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  1. 2 points
    If i keep food in there for all, will they not bother one another? I'm considering removing the roaches 1 by 1 and separating the isopods
  2. 2 points
    Yeah Panchlora are kinda finicky, so I feel like keeping a prolific isopod species in with them that will directly compete with them for food would be a bad idea in the long run...
  3. 2 points
    Im not too experienced with Panchlora, but i do know that Powdery orange isopods are one of the fastest breeding isopods, so down the line the isopods may try to outcompete the roaches for food, or if the isopods are hungry enough, *may* try to eat a molting roach, as they're more protein hungry than roaches are in my experience, however they would rather eat a dead non-moving roach than a live one. If you have plenty of leaf litter in their enclosure, it shouldn't be too big of a problem.
  4. 2 points
    I do have an update: species confirmed. I think. I know I have this one in there, alive and kicking. I haven't seen any of the others in awhile, though. This one was actually found loose! I think it escaped early on, before I had them in proper containment, and it seems to have been pretty happy to grow and develop outside the enclosure. Probably in my houseplants. I did NOT sex it while I had it out, since I know these have a stink defense and I didn't want to risk it doing that. I'm actually going to be making a post elsewhere of rehoming these. I have some chronic fatigue issues that are flaring up, so I'm trying to downsize my critter collection pretty far. I know I have this one in there, and I'd ship the whole enclosure's worth of dirt and leaves in case there's more in there. I can't make any guarantees about there being more than one. But if someone would like these, they're up for grabs. Just on the condition that, if there's multiple and they breed, I can call 'dibs' on a culture of them in a couple years. They really are a handsome roach, but I'm trying to downsize my bugs. Down to isopods (since they eat the dirt) and the domino roaches that mostly just eat leaves. Does anyone know where universities get these guys? I've found several academic papers from people at universities studying these, and they seem to be well-established as a live specimen to use for various things. They must come from somewhere. Maybe somebody could find the supplier and buy some for the hobby?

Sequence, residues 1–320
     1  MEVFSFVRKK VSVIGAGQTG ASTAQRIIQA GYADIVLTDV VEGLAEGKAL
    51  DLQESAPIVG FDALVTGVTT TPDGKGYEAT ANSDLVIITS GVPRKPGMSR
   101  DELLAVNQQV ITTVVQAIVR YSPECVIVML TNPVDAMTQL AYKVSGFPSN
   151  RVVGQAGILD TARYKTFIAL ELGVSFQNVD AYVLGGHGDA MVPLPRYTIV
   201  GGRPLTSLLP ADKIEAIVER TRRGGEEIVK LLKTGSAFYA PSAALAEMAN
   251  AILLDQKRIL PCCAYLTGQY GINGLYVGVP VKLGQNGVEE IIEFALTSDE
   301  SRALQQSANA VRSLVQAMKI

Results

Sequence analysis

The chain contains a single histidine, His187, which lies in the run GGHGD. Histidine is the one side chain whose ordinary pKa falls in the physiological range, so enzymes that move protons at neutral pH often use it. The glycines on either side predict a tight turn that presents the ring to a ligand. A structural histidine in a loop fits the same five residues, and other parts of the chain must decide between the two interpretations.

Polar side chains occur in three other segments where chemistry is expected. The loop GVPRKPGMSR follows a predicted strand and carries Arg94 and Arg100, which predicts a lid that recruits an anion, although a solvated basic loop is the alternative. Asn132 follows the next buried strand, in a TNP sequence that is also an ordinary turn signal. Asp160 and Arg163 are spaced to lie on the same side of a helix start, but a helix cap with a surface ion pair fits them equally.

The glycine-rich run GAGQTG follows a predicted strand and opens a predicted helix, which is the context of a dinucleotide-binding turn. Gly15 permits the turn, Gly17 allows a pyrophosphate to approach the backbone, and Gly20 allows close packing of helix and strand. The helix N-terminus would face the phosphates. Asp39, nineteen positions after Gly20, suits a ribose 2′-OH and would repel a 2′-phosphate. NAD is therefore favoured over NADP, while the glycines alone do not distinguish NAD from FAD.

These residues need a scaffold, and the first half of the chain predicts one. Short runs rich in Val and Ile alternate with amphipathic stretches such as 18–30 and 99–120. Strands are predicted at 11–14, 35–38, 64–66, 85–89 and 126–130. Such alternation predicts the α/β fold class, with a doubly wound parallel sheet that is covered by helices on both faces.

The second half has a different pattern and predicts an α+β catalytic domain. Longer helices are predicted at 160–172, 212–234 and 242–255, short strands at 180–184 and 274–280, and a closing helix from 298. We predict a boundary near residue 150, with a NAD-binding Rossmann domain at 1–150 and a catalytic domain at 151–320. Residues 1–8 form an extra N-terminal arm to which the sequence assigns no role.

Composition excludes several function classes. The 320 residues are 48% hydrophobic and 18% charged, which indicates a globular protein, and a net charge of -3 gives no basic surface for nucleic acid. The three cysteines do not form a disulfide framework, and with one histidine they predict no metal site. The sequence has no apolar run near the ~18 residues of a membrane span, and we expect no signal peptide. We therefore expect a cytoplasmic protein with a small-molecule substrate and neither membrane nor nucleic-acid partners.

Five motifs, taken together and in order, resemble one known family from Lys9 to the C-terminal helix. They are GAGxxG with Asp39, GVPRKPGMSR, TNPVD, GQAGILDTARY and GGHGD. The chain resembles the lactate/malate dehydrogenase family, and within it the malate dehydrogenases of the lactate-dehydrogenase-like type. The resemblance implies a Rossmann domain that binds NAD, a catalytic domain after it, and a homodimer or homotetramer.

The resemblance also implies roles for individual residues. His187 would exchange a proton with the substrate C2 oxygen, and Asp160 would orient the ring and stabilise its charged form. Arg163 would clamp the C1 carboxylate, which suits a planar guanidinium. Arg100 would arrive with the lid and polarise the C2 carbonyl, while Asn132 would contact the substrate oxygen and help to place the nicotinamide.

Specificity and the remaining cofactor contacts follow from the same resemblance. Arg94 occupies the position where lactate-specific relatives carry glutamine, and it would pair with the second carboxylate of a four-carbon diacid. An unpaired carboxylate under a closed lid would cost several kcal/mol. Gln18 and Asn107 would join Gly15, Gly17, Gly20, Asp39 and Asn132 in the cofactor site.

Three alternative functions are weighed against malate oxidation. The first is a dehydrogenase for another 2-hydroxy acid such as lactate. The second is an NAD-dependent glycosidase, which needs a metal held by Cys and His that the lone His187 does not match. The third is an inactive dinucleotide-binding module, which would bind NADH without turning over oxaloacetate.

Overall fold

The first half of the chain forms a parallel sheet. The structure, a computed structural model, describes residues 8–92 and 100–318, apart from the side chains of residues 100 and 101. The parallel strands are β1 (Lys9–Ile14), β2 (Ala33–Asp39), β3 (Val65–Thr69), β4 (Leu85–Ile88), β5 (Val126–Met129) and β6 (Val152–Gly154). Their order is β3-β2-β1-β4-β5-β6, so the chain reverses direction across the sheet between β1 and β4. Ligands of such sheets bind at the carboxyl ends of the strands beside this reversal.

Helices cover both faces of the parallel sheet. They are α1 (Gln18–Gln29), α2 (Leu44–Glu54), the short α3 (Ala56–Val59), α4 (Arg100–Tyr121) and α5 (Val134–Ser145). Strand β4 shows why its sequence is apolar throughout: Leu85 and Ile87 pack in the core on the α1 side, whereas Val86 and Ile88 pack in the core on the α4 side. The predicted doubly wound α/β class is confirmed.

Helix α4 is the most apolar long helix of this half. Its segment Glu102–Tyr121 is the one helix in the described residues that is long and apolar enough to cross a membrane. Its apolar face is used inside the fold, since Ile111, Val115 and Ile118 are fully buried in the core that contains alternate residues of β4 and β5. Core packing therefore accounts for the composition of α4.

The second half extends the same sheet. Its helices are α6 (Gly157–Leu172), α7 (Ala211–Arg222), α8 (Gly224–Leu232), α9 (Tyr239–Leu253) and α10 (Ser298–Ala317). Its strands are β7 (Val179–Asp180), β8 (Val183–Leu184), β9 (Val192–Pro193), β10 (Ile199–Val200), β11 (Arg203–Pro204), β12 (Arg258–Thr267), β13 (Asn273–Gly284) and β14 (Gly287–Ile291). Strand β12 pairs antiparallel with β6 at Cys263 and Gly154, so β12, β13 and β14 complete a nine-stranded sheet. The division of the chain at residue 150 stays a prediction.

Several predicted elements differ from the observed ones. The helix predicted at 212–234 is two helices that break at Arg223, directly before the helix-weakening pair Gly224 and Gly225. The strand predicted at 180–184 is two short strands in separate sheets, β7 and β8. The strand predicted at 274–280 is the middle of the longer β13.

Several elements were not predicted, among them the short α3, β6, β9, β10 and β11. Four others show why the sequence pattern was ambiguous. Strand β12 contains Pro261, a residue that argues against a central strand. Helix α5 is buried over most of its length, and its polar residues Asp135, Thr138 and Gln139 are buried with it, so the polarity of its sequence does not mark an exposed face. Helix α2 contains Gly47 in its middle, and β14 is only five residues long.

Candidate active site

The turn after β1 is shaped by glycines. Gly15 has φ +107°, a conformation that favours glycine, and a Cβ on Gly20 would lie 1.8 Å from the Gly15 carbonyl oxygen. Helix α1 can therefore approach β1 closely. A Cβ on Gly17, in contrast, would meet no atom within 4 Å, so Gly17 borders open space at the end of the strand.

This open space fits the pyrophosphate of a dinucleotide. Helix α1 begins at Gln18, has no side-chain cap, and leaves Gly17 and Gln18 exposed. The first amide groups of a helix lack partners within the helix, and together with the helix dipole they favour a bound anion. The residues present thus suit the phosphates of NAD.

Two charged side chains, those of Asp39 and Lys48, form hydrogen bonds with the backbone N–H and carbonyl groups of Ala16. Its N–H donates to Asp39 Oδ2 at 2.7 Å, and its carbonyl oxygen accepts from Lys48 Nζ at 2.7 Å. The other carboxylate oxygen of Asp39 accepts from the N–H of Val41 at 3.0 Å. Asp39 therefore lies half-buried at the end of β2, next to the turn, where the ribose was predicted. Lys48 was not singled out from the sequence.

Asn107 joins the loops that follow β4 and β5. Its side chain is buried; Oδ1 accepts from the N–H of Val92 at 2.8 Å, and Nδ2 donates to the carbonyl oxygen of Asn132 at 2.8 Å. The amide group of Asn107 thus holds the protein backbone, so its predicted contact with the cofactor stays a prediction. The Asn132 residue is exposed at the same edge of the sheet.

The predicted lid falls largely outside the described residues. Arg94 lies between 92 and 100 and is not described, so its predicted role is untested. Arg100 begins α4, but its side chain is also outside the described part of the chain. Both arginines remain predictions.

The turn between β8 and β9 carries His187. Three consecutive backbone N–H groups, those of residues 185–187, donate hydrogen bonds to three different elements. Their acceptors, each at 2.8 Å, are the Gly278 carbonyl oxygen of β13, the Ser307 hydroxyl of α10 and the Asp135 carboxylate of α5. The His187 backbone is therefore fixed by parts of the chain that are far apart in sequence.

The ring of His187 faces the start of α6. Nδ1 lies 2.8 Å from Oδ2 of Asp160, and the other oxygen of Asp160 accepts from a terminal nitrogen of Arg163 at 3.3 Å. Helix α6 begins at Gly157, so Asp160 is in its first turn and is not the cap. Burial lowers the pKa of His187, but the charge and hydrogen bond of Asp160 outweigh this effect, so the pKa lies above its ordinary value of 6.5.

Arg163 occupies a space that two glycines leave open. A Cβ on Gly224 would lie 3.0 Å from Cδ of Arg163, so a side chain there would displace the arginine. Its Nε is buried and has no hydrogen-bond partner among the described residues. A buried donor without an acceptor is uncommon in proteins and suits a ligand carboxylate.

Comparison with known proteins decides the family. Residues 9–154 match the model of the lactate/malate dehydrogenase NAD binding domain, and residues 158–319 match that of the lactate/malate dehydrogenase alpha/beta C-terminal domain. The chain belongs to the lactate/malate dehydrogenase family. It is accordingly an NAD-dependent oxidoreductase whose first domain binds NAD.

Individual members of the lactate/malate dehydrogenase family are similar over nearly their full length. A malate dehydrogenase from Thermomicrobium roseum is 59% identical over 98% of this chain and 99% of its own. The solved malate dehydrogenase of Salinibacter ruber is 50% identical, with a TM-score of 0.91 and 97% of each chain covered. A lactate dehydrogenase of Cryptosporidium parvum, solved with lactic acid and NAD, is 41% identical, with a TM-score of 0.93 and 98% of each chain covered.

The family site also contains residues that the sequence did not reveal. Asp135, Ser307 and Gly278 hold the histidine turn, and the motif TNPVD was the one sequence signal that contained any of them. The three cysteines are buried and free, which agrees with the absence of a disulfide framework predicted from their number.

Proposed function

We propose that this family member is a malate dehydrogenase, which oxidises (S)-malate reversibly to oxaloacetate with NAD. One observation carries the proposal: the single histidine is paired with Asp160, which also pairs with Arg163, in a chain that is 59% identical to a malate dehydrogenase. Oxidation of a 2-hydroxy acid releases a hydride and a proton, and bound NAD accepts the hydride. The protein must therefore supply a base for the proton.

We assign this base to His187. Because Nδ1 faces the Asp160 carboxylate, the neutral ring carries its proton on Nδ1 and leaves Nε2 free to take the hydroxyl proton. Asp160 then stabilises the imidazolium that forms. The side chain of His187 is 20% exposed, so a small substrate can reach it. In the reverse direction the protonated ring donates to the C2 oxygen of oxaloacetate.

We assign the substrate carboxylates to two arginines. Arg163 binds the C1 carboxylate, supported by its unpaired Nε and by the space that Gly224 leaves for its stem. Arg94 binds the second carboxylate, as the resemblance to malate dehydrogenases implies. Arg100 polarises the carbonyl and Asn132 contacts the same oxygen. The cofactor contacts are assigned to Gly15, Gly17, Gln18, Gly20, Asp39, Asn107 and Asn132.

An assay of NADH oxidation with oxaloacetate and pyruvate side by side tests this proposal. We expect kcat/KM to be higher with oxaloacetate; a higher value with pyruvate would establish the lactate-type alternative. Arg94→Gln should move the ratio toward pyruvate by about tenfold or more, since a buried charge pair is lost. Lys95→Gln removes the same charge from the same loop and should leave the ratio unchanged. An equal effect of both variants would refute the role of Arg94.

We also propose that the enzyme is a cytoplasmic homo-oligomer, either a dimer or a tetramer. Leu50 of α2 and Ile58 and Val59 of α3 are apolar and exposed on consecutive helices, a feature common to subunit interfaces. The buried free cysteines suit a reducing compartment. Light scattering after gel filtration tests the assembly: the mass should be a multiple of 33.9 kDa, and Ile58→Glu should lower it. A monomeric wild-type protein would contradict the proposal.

5. 1 point
    Hello dear like-minded people! I am very glad that there are so many of us — Blattodea lovers around the world. Thank you very much to the forum administration for hosting me here! I have been doing Blattodea for over 20 years. His main interests are the tribe Gromphadorhini, the family Corydiidae, and the subfamily Panesthiinae. In general, I love everyone Blattodea sensu lato
  6. 1 point
    Of course almost every new isopod is the "biggest" but this is the longest species according to species literature (documented at 3.2 cm body length). The male has long uropods and tends to be longer than the female.